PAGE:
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TikTok’s struggles shine light on data collection

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By Samuel Orazem EBS Contributor

The social media app TikTok has exploded in popularity over the past few years, reaching over two billion users worldwide as of April 2020. Recently, however, the seemingly benign application filled with short-form videos has come under fire from government officials around the world. 

TikTok’s honeymoon phase appeared to end this August when it first attracted the attention of President Trump’s administration. The app, owned by the Chinese firm ByteDance, has been mired in media controversy and uncertainty about its future ability to operate in the U.S. since.

There are a few theories about what drew President Trump’s attention to the app. The most entertaining involves a prank that created over a million false RSVP’s for his Tulsa, Oklahoma campaign event in June. The more likely cause, however, is that his attention was drawn by a combination of his rhetorical and political reliance on being anti-China, and TikTok’s data collection practices. 

There has been longstanding, bipartisan concern over TikTok’s owner ByteDance, what with it being based in China and questions surrounding where the data collected by TikTok ends up. Firms in China have close ties to their government and ByteDance’s public refutations of working with the Chinese Communist Party carry very little weight for U.S. lawmakers.

ByteDance was fined by the U.S. government in February 2019 for collecting data on children under the age of 13. This led to bipartisan support for an inquiry into the firm’s practices. Furthermore, a post on the website Reddit in April 2020, made by a software engineer, alleged that TikTok collected an amount of data that would put notoriously intrusive U.S. firms, such as Facebook, to shame.

Since August, the Trump administration has been unwavering in their commitment to forcing a sale of U.S. operations to a domestic company. President Trump has also issued executive orders in attempt to regulate TikTok but, as of Sept. 5, these orders have been temporarily halted by a federal judge.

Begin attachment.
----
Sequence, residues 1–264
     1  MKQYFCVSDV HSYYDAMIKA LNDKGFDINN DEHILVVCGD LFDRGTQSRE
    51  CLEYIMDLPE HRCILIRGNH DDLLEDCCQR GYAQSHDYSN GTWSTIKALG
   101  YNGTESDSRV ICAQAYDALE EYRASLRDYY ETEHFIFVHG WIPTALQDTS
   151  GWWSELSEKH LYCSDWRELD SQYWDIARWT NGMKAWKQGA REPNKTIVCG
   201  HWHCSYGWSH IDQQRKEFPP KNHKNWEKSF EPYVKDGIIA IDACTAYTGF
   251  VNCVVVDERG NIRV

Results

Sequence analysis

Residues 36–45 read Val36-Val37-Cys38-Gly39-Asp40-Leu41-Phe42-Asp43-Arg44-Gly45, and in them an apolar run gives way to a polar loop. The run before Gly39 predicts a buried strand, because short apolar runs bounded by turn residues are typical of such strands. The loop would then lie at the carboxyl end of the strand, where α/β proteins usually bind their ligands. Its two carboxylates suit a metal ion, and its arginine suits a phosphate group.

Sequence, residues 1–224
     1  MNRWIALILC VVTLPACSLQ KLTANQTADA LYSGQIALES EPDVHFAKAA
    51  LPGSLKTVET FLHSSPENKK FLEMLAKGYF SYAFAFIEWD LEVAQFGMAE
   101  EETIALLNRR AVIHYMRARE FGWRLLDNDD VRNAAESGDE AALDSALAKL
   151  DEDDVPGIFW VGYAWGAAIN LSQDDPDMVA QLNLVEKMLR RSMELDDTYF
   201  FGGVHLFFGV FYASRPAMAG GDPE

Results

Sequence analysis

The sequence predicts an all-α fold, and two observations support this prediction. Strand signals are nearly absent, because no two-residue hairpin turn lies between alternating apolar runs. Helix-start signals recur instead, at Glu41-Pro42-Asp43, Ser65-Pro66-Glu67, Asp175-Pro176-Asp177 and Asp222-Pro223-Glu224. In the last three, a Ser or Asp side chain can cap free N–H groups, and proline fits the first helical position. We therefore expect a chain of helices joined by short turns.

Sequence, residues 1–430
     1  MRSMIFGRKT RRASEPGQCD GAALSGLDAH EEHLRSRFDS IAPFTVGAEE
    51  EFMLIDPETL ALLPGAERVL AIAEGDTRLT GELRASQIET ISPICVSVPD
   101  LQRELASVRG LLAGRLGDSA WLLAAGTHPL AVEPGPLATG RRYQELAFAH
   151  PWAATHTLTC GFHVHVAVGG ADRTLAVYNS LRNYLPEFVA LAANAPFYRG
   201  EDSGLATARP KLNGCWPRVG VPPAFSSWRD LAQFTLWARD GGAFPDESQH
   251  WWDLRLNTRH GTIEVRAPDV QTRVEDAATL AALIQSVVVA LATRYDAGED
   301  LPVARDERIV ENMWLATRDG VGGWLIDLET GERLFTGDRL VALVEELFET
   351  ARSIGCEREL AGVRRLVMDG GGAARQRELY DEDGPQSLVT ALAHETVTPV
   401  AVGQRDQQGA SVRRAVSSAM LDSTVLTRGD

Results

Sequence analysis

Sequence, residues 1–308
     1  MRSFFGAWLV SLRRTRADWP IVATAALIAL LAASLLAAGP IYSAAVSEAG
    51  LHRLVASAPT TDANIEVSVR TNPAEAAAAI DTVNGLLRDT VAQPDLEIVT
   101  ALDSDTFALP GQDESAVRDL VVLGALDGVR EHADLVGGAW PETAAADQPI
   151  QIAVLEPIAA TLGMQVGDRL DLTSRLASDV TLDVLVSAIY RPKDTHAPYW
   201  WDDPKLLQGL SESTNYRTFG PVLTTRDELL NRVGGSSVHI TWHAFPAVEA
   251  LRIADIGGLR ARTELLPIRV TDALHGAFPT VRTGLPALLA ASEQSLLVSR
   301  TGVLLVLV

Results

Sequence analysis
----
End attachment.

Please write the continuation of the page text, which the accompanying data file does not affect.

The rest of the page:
While a deal with Microsoft appeared to be in the works, it now appears that a 20 percent stake may be acquired by Oracle and Walmart instead. Oracle would handle all the U.S. data, but the details of the potential deal are murky. Statements from all sides seem to contradict each out. In short, the future of TikTok in the U.S. is just as uncertain as ever.

What is certain, however, is that this has put a spotlight on the data collection practices of tech firms and the apparent inability of lawmakers to protect consumers. Companies like Facebook, Alphabet, Amazon and others, harvest incredible amounts of data about everything their users do online. For companies like Facebook and Alphabet, what they collect is a primary source of revenue.

As these companies continue their trajectory towards certifiable monopolies, as is evidenced by increasing interest from federal lawmakers in antitrust investigations, action from lawmakers on more than just TikTok is necessary. TikTok is a convenient target given its ties to China but, when representatives such as Iowa’s Steve King are asking Alphabet’s CEO why notifications from Apple News are appearing on an iPhone in a congressional hearing, the outlook seems bleak.

Samuel Orazem is a political science student at UCLA with a passion for music, its contributions to cultural development, and its potential for empowering social and political mobilization.

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